The Great Gatsby


Viewed – 21 May 2013  Cinema

Going into this, I had quite clear expectations.  From a director such as Baz Luhrmann (William Shakespeare’s Romeo + Juliet, Moulin Rouge) I knew I would get something visually dazzling, highly theatrical and bursting to the seems with larger-than-life costumes and characters   It’s kinda his calling card.  Yet as a fan of Leonardo DiCaprio also, I had expectations of another memorable performance from one of the best in the business.

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This tells the tale of wall street worker Nick Carraway (Toby Maguire) who moves into a house located next door to famed playboy Jay Gatsby (DiCaprio), an almost legendary figure in New York during the 1920s who rarely appears in public and hosts numerous dazzling parties for the locales.  Yet the reality behind the myth intrigues and so Carraway befriends the reclusive billionaire and attempts to help him with a little problem with a long-lost love, who just happens to be Carraway’s cousin.

From the start, this is a stunning movie to just sit back and take in … imagination, set design, gorgeous visuals and a fantastic use of modern music rejigged to a 20’s jazz soundtrack (Beyonce’s Crazy In Love?) … showcases Luhrmann playing at full throttle.  At the heart of the spectacle however is a simple story of love, obsession and a little bit of mystery.  Initially I found it hard to get to grips with, so awash with the sheer visual overload, that concentrating on the story was difficult.  Thankfully things settle down with solid, complex turns from both  DiCaprio and Maguire.  Add to this a sultry Carey Mulligan and an enjoyably boo-hiss Joel Edgerton ... and this proved an often surprising and enjoyable tale, with strong echoes of Citizen Kane.  I think considering DiCaprio’s array of quality performances over the years, this came across more old-fashioned, screen idol than serious acting, and in some ways the movie was guilty of a too much Hollywood glitz to take completely serious.  Often Maguire’s wide-eyed goofy-grin made him look like a rabbit caught in the headlights, and with such reliance on green-screen – it was sometimes like a fantasy movie without the dragons or wizards.  Not helped by the fact sometimes actors didn’t look like they were really ‘there’, which they obviously wasn’t.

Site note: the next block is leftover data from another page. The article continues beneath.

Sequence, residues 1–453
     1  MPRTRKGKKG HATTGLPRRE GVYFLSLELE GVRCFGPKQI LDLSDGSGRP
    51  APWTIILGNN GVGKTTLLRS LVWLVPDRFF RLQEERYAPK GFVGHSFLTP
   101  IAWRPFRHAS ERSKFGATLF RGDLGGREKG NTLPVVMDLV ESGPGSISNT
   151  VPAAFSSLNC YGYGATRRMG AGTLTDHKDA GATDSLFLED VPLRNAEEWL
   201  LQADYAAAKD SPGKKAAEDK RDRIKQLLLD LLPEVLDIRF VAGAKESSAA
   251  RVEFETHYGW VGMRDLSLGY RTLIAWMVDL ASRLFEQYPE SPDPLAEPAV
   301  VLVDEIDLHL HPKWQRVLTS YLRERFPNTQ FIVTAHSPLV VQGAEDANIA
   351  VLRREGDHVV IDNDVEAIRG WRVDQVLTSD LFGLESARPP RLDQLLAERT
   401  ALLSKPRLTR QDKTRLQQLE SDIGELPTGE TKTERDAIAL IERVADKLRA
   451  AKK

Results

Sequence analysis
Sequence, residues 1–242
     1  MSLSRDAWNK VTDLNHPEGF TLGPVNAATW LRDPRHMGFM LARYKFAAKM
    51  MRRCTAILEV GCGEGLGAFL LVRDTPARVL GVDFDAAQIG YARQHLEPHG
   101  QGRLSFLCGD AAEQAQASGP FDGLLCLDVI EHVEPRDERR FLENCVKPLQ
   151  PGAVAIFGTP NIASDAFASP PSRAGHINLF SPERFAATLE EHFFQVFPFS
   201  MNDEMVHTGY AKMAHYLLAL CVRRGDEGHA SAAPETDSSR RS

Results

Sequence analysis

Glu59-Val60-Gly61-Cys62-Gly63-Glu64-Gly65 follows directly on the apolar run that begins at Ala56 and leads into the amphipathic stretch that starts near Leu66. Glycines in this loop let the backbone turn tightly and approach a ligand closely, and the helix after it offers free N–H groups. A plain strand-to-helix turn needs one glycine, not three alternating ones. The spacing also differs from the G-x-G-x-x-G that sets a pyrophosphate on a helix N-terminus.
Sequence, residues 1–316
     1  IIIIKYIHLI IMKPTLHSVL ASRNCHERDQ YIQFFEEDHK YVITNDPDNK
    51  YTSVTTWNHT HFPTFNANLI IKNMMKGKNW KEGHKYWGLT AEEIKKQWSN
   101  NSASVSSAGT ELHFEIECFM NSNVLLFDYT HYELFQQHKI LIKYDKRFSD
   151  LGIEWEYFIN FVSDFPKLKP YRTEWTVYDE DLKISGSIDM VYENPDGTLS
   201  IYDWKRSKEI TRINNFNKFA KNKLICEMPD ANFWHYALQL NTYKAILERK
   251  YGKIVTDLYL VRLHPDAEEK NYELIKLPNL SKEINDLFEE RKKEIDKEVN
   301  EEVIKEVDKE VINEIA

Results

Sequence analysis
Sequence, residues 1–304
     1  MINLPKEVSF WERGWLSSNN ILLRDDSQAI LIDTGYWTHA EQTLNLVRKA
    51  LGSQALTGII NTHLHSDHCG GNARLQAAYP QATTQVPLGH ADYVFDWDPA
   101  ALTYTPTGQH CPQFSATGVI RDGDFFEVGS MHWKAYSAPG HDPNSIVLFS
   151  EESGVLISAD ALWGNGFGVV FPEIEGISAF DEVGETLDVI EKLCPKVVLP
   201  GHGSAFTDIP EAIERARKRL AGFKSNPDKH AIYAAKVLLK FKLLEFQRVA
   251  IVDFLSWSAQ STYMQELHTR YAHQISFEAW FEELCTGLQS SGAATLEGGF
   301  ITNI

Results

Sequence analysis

As it stands though this is a treat for fans of truly interesting looking movies, the kind that deserve the big screen treatment, not because of action sequences but because each shot looks like an oil painting – something Luhrmann has always been an artist at.  Beyond this however is an absorbing but not quite so amazing story, with decent rather than ‘wow’ performances – but either way, still deserves your attention.

Verdict:  4 /5

William Shakespeare’s Romeo + Juliet


Viewed – 12 November 2010  Blu-ray

Making the deep, complex dialogue of a play by legendary playwrite William Shakespeare palatable for a modern audience, was always going to be something of a challenge.  Yet with director Baz Luhrmann at the helm, one of the most gifted ‘visual’ directors around, what audiences finally got was something of a style heavy art film with blockbuster ambition.  The classic love story follows two powerful rival families, Capulet and Montague, headed by Paul Sorvino and Brian Dennehy respectively, where the son & daughter of each family, namely Leonardo DiCaprio’s Romeo and Claire Danes’ Juliet meet at a party and fall in love.  Yet naturally their love is forbidden and soon leads to bloodshed.

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